Thursday, April 27, 2017

Diversity and Leadership


             Globalization, societal evolution and data-based demographic trends all point towards an undeniable fact: our workplaces, schools and communities are populated by an increasingly diverse group of people. The United States’ Census Bureau tells us that “By 2044…more than half of all Americans are projected to belong to a minority group” (Colby and Ortman, p. 1), and the Department of Labor projects that women “will account for 51 percent of the increase in total labor force growth between 2008 and 2018” (Employment and Earnings, 2011). This essay will establish that the increase in diversity carries distinct benefits, but the realization of these benefits depends on policies which support inclusion, increased avenues for participation, and the proliferation of opportunity. We must reconcile the demographic reality with economic realities. Minority groups still face significant barriers to employment, despite the fact that they will comprise more than half of the U.S. population by 2044, and women must contend with an unfair and outdated wage regime. The 78 Cents Project uses data from the American Community Survey to demonstrate the extent of the wage gap. The discrepancy persists across workforce sectors: women who work in retail earn 70 cents to the average dollar earned by males in that industry, and female lawyers earn 83 cents to the dollar earned by their male counterparts (78 Cents Project). The statistics revealing the wage gap for minority women encapsulates the diversity challenge: black women are paid 64 cents, and Latina women are paid 56 cents, compared to the average dollar earned by white males (78 Cents Project). The economic implications of an increase in diversity, coupled with unfair and wage rates, are staggering. If nothing is done to address this discrepancy, we will march forward underpaying an increasingly large segment of the workforce. We must do more to include, fairly compensate, and support diverse populations, not only because it is the right thing to do, but because our economic well-being hangs in the balance.
            In Building a Case for Diversity, Gail Robinson and Kathleen Dechant posit that business leaders can view the increase in diversity as a real opportunity. Initiatives to support diversity, in their view, can be “an optimal tool for increasing their resources…and creating a conducive working atmosphere for workers” (Robinson and Dechant, p. 228). They recognize that changing demographics is an unescapable reality which effective businesses will target as an opportunity. Business growth can be achieved by embracing diversity, through “increased marketplace understanding, greater creativity, higher quality team problem-solving, improved leadership effectiveness, and better global relations” (Robinson and Dechant, p. 232). How can diversity contribute to improvements in these areas? Take problem-solving, for example: a diverse workforce contemplating a solution to a given problem can draw upon “a variety of perspectives based on a range of experiences” (Robinson and Dechant, p. 234), eventually producing a solution which is more applicable to a larger group of people.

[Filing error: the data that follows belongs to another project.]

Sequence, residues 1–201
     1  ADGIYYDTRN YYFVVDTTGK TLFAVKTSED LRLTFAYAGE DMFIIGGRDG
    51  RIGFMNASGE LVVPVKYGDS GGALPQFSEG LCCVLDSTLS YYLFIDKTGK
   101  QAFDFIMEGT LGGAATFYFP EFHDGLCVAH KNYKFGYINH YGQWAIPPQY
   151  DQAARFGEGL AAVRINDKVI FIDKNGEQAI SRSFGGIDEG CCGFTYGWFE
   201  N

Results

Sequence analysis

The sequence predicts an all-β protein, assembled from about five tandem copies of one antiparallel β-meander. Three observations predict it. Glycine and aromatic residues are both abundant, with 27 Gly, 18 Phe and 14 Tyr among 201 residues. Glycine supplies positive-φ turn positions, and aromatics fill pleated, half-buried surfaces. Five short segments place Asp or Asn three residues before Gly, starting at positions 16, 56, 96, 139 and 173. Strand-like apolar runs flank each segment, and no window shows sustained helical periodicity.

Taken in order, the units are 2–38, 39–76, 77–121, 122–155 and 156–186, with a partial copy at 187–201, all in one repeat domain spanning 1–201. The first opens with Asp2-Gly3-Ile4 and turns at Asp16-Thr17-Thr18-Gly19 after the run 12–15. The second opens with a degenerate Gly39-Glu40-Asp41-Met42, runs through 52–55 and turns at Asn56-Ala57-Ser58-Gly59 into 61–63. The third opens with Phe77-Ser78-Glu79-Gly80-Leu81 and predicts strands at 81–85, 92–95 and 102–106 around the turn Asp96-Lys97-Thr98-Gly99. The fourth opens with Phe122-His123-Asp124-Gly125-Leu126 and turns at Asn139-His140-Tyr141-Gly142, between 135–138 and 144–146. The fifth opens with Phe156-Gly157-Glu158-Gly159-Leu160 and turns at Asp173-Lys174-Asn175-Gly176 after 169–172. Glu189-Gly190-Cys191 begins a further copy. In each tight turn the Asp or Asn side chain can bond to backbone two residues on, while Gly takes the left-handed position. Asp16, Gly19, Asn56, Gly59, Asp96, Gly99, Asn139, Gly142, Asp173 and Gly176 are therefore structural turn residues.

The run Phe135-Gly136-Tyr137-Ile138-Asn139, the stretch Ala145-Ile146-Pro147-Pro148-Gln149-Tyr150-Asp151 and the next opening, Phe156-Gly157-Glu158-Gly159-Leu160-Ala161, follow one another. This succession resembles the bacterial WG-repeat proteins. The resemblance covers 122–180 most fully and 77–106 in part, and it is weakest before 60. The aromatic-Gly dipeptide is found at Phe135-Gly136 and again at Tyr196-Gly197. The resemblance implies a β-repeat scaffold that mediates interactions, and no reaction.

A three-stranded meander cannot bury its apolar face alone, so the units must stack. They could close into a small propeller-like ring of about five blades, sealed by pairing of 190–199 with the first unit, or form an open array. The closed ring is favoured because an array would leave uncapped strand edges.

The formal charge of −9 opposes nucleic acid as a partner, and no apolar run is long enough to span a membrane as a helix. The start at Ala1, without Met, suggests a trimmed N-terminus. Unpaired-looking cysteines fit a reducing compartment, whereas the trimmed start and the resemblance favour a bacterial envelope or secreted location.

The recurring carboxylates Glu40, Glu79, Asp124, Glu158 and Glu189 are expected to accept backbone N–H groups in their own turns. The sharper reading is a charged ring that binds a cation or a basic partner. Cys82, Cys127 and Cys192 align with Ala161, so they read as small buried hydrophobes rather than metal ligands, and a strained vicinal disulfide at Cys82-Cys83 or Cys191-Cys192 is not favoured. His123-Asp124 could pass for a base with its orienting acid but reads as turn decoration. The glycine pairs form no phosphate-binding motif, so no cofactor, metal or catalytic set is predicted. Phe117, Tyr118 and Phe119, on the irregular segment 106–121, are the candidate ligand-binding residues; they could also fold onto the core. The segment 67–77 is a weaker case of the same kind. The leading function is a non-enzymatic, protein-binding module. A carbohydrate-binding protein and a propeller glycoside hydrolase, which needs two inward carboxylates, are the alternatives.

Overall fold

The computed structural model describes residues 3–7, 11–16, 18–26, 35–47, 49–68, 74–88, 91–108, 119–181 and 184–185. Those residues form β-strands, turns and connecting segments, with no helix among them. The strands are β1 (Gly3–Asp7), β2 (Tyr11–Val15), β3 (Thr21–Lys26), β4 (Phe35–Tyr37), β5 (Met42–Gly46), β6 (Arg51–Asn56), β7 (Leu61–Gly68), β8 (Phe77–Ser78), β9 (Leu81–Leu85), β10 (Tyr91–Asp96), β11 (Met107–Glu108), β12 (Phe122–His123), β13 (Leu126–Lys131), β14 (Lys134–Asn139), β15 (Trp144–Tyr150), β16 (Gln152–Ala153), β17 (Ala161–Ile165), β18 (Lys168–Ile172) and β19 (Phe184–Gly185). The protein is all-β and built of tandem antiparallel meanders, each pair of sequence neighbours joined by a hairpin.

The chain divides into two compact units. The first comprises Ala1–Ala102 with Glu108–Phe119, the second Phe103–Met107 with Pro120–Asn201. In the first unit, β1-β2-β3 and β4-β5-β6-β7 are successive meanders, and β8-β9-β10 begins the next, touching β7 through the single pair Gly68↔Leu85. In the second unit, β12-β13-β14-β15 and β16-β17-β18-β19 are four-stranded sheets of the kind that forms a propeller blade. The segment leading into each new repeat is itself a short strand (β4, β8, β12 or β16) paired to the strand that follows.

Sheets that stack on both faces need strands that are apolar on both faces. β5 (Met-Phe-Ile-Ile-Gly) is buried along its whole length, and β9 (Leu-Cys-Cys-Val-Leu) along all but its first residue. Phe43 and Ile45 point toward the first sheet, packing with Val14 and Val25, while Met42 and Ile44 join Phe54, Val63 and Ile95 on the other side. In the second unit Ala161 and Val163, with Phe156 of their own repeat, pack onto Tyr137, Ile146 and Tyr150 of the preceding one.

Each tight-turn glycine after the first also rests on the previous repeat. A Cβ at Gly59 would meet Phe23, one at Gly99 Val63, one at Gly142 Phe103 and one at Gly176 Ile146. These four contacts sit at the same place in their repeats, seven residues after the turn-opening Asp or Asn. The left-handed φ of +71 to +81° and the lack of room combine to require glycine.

David Thomas and Robin Ely see the diversity question as a paradigm shift which must be explicitly dealt with. They offer the case of the public-interest law firm, Dewey & Levin, as an organization which embraced a strategy to hire, and fully incorporate, diverse workforce members to improve the quality of its work. Thomas and Ely establish eight pre-conditions for making a paradigm-shift towards an integrated, diverse workforce, and organizational culture features prominently on this list (Thomas and Ely, p. 221). Dewey & Levin’s organizational culture fit the bill, and its employees felt that “their perspectives are heard with a kind of openness and interest they have never experienced before in a work setting” (Thomas and Ely, p. 220).

            The benefits of a diverse workforce cannot be realized if minority groups’ access to education, employment and other opportunities to grow one’s human capital is restricted. Nor can they be realized if workers feel that they are just there as “window dressing”, and that their opinions and ideas are not being considered. To maximize the potential benefits of an increasingly diverse society, leaders must pursue policies which support wage equalization and incentivize diversity hiring (such as affirmative action) are crucial.

References: 

Colby, Sandra, Ortman, Jennifer. Projections of the Size and Composition of the U.S. Population: 2014 to 2060. U.S. Census Bureau: March 2015. 

Cook, Khary. Employment and Earnings. U.S. Bureau of Labor Statistics: January 2011. 

78 Cents Projecthttps://www.78centsproject.com/the-gender-wage-gap Berkley, CA. 

Robinson, Gail, Dechant, Kathleen. Building A Business Case For Diversity. Academy of Management Executive, 1997.

Thomas, David, Ely, Robin. Making Differences Matter: A New Paradigm for Managing Diversity. Harvard Business School Publishing Corporation: 1996.







No comments:

Post a Comment